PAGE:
Most requested? Dictionaries

A “thank you” for sending me the book Reason of Hope by Jane Goodall. I am enjoying reading it. But I am equally if not more so impressed and appreciate your book offering to me, a prisoner. Our universe would be a much better place if more people displayed acts of reaching out with kindness. Thank you. Sorry if I misspelled your name.  —Timothy

Always more requests than money to fulfill them: Education is the only tool proven to prevent people from returning to prison, says Moira Bradford of Asheville Prison Books Program, pictured center, with Jono Dunn, left, and Zeek Chris, right. Photo by Ursula Gullow

Asheville’s Prison Books Program often gets handwritten letters like this one, from prisoners whose only recourse to continue education and life is from reading. The group is a volunteer collective, and this week celebrates its 10-year anniversary this week. The letters would seem to be testament to the positive impact the group has had on the lives of the incarcerated.

“We are always in a situation where we have more requests to fill than money to fulfill them,” says Moira Bradford, a volunteer with APB for more than two years. The group spends about $80 on postage alone every week, she says.

To help fill the need, the Program will launch a fund drive this weekend to raise money and awareness. On Friday, a silent art auction featuring the work of more than 25 artists will be held at BoBo Gallery. This is a fantastic chance to snatch up pieces by local artists such as ceramic artist Sarah Danforth, multimedia artist Christine Ratanaphruks and painter Courtney Chappell. Abu Disarray, a DJ, will spin dance records, and the always unique James Owen (Doom Ribbons, Burning Bush) will perform.

Prison Books has come up with a novel fundraising strategy for Saturday: street performance for charity. All day long, buskers will be performing around Asheville to collect money for the program and also for Tranzmissions, a group that provides support to inmates dealing with gender and sexual identity issues.

A high school teacher by day, graduate student by night, Bradford plans to write impromptu poems for donations. “I’ll be taking requests — if someone wants a love poem, I’ll write that, or a breakup poem — whatever they want.” 

Other buskers will include accordionist Patrick Kukucka (Boys of Summer, Hands of Winsor McCay) and sax player Logan Murray. The country-western band Tony Wayne and the Pain will perform, and face-painting and fortune-telling will also be available. Look for these acts around Pritchard Park, Haywood Street and Lexington Avenue on Saturday.

The modest headquarters of the Prison Books program is located in the basement of a home in Montford, where hundreds of donated books are categorized by subject matter on tall bookshelves lining the walls. Letters from prisoners — usually written out by hand — are mailed to the group, with requests for specific books or genres of books. They most often request dictionaries. A volunteer then matches the literature that most closely reflects the needs of the prisoner, while keeping in mind the restrictions of the prison facility. A prisoner expressing an interest in philosophy and fiction, for example, may find themselves with copies of Siddhartha and Catcher in the Rye.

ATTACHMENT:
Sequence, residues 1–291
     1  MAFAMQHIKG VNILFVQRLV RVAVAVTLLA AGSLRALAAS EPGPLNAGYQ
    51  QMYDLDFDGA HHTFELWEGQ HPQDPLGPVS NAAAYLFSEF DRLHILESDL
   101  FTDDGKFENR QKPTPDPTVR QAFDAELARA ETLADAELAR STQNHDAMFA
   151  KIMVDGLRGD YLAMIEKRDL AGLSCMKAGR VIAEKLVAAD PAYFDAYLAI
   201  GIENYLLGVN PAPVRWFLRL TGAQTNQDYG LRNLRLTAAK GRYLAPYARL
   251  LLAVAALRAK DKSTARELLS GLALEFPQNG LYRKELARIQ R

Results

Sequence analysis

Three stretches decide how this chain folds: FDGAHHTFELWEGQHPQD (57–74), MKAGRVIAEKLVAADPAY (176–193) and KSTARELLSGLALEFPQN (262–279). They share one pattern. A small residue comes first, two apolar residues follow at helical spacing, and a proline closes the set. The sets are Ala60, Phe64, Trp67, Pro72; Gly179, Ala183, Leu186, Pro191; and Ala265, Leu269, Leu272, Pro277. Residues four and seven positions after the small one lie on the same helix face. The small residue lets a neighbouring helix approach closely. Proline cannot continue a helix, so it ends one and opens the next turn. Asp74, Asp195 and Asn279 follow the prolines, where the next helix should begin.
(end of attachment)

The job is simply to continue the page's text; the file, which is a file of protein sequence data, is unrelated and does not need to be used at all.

According to the U.S. Department of Justice, currently more than 2.3 million people are living behind bars. “With educational programming being drastically cut in prisons, the need for our service has never been greater,” Bradford says. “Education is the only tool proven to help prevent people from returning to prison again and again.”

Book donations can be dropped off at the group’s collection box, which is located outside of the French Broad Food Co-op on Biltmore Avenue. For more information about the Asheville Prison Books Program, visit

who: Asheville Prison Books program
what: 10 year anniversary celebration and fundraiser
where: various locations around downtown Asheville, including BoBo Gallery, Pritchard Park, Haywood Street, Lexington Avenue
when: Friday, June 19 (8 p.m. silent auction and music at BoBo); Saturday, June 20 (day-long busking, performance art, fortune-telling and more)

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One thought on “Most requested? Dictionaries

  1. aville kid

    I love prison books, and have always considered its usefulness when ive been in different jails that have no libraries, but that being said, i find it sad that this project is 10 years old and essentially has fallen deeper and deeper into its punk ghetto. ithink that charity can be useful, but it is not radical in the least, and it seems to me and others that prison books is maybe an extreme liberal form of charity. they dont address the larger prison industrial complex, they dont try to link with local people who have relatives and crews in jail, and they dont try to question what the root of the problem is… they just wrap up books and listen to bad punk music…

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